A survey of business failures in the
district reveals notable increases in
number and liabilities during the past
four months over corresponding months
of 1929 and in comparison with October
of that year, in which month occurred
the break in the securities markets.
The demand for commercial loans in
Chicago has increased somewhat during
the past four weeks, although it is still
less than last year. Security loans on
March 12 reached their highest level
this year, upward trend having been
operative since the low point on Feb
ruary 11. The present level, however,
is now slightly under that of a year
ago.
Corporation News
NEW YORK, April s.—The following
is today's summary of important cor
poration news, prepared bv Standard
Statistics Co., Inc., New York, for the
Associated Press:
News Trend.
Mercantile reviews of the week point
out that some phases of the commercial
situation have taken on a more def
initely encouraging aspect. Indications
of betterment are both more numerous
and distinct. Expectations, however,
are tempered by existing restraints, and
only a gradual revival is looked for.
Wholesale and jobbing lines continue to
show moderate improvement, while the
retail trade has been affected by the
irregular weather and the later Easter
season.
Bank clearings in 23 leading cities of
the country for the six days ended April
3 totaled $12,799,'799,000, or 3.1 per cent
below the corresponding week a year
ago. which included a holiday. At New
York City clearings were $9,295,000,000,
or only .02 per cent under the total for
■ the 5 days a year ago. For the princi
pal centers outside of New York the
total is $3,504,799,000, a reduction of
• 9.9 per cent. The sharp contrast in the
declines shown by New York clearings
, and these outside of New York can be
, traced to the increased stock market
activity of the past week. Compared
with 1929. transactions were about 25
per cent larger.
Prominent in the corporation news
, of the day were the announcements of
, merger negotiations by Melville Shoe,
Warner Bros.’ Picture, Llbbey-Owens
Glass and United Fruit.
, The Companies.
Altofer Bros, declares extra dividend
of 65 cents on common stock in addi
« tion to regular quarterly dividend of ,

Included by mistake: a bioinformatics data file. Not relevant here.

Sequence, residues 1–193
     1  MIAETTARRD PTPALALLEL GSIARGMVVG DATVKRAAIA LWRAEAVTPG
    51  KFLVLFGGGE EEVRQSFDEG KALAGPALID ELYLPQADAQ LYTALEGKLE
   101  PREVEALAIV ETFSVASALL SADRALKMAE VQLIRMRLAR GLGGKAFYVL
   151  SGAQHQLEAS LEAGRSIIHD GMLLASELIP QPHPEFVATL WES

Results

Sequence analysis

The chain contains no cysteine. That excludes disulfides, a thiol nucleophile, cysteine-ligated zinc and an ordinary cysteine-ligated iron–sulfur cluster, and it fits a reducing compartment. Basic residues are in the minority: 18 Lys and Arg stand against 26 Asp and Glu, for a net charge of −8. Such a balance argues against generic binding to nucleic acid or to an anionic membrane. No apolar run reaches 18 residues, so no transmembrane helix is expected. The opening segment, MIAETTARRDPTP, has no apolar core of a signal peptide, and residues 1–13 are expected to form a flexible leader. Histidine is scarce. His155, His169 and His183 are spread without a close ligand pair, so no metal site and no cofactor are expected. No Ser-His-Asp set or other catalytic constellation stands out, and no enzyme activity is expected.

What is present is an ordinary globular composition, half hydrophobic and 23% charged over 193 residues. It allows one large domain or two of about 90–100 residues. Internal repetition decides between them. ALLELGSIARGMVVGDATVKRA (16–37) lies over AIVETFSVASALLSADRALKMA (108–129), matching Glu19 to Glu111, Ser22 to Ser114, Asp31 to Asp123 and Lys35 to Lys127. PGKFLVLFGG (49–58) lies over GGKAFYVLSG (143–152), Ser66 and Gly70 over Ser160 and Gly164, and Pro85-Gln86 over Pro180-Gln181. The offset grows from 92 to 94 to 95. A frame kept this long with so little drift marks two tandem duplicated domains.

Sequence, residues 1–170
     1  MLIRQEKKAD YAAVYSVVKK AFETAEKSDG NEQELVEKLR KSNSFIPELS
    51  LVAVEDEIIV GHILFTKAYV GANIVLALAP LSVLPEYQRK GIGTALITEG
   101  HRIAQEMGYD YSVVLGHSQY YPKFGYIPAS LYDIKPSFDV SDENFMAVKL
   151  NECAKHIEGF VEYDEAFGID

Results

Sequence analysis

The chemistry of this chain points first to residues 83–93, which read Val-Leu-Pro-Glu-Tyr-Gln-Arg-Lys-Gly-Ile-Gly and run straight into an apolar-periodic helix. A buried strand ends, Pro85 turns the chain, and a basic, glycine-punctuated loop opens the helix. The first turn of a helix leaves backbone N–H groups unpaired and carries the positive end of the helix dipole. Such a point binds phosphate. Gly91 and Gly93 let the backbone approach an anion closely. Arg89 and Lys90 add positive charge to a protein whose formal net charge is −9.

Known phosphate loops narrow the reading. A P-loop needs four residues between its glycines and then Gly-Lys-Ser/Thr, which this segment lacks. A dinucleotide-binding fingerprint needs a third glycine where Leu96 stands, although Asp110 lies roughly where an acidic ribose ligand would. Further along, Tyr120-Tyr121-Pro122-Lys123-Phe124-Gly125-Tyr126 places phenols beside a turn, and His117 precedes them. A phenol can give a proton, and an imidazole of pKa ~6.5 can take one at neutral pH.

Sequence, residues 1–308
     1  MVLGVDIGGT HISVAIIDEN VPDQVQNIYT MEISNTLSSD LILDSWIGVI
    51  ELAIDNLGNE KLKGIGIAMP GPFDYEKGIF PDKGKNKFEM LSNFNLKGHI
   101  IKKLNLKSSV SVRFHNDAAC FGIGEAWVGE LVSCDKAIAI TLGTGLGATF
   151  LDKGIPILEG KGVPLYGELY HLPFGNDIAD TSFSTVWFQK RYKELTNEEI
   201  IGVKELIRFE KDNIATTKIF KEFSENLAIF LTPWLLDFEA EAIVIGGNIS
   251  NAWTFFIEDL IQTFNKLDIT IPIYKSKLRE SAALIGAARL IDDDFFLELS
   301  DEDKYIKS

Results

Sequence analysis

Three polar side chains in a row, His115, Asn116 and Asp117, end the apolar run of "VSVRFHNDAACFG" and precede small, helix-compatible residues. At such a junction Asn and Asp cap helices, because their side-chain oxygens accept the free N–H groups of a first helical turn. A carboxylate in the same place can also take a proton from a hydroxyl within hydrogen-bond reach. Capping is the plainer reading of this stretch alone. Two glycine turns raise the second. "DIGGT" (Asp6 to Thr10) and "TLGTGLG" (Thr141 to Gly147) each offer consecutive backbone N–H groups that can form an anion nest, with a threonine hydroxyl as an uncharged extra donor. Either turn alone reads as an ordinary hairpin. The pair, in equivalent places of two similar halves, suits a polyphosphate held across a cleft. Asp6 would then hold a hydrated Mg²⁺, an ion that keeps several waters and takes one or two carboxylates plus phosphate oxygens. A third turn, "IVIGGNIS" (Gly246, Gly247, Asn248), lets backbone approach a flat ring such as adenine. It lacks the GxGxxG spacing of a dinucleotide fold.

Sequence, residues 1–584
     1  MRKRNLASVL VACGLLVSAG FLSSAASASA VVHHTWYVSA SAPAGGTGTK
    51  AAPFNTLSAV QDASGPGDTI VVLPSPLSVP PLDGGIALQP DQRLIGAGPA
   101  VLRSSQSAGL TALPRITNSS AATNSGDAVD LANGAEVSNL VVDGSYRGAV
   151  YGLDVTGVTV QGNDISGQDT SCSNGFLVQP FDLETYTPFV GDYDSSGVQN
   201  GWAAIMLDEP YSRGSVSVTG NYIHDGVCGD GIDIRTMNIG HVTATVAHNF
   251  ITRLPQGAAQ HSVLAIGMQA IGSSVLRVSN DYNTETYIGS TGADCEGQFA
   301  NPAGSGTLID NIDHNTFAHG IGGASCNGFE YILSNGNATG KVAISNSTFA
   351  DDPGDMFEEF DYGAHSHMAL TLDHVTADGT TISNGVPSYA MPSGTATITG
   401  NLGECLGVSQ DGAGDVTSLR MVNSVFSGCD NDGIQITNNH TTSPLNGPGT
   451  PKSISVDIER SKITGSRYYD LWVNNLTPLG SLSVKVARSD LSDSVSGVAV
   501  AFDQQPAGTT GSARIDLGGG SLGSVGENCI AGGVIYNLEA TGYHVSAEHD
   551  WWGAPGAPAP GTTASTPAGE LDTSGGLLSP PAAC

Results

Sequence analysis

35 cents.
Aluminum Co. of America—Federal
i Trade Commission dismissed Its com
i plaint against Aluminum Co. of Amer
ica, charged with violation of Clayton
. act.
Botany Consolidated Mills had deficit
of $2,764,983 in 1929, against deficit
of $1,459,928 In 1928.
Columbia Gas & Electric to separate
1 oil and gasoline properties constituting
industrial operation of subsidiaries by
‘ creation of new company, to which Co
-1 lumbia Gas & Electric would transfer
1 all stock and indebtedness held by lt
i in each of these subsidiaries. Common
‘ stock of new corporation would be
placed in 10-year voting trust certifl
{ cates which would be distributed to
present common stockholders of Co
' lumbia Gas & Electric in ratio of one
voting trust certificate for each five
common shares held. New company to
issue to Columbia Gas & Electric, in
addition to common stock. 337,500
shares of $6 first preferred and 337,500
shares of $6 second preferred, both
; issues cumulative.
Dominion Stores sales four weeks
ended March 22 up 3.2 per cent from
year ago; 12 weeks' sales up 3.8 per
' cent. _ .
> Ford Motor exported £.660 tractors
from Fordson plant in Cork, Ireland, in
, first two months of 1930; 3,876 were
, shipped to New York. •
Ford Motor of Barcelona, controlled
by Ford Motor, Ltd., declared dividend
of 10 per cent on capital stock. Profit
» for 1929 totaled 4,859.179 pesetas,
i General Motors Chevrolet to Intro
duce special sedan priced at $725.
■ Gibson Art earned $4.42 on common
i stock in fiscal year to February 28, 1930,
\ against $3.94 in like previous fiscal year.
■ Grand Union sales 13 weeks ended
March 29 up 17.6 per cent.
F. & M. Grand March sales oft 6.4
per cent from year ago; three months’
sales up 6 per cent.
F. & W. Grand-Silver March sales off
l 3.5 per cent from year ago; 3 months
. sales up 8.4 per cent.
Isaac Silver & Bros. March sales up
4.5 per cent from year ago; 3 months
sales up 14.9 per cent.
Island Creek Coal March output ap
, proximately 365,000 tons, compared with
I 414,352 tons in February and with
462,740 tons in March, 1929.
Llbbey-Owens Giass reported planning
merger with Thatcher Manufacturing.
Melville shoe negotiating for acqui
. sition of Travelers Shoe Stores Corpora
tion.
Nevada Consolidated Conner earned
$3.60 on common stock In 1929, against
$3.13 in 1928.
David Pender Grocery March sales
i up 1.2 per cent from a year ago; 3
months sales up 5.3 per cent.
I Fierce Arrow Motor Car sales to dis
; tributors in first quarter of this year to
-1 taled 2,244 passenger cars, an increase
; of 26 per cent over sales In same period
i of 1929.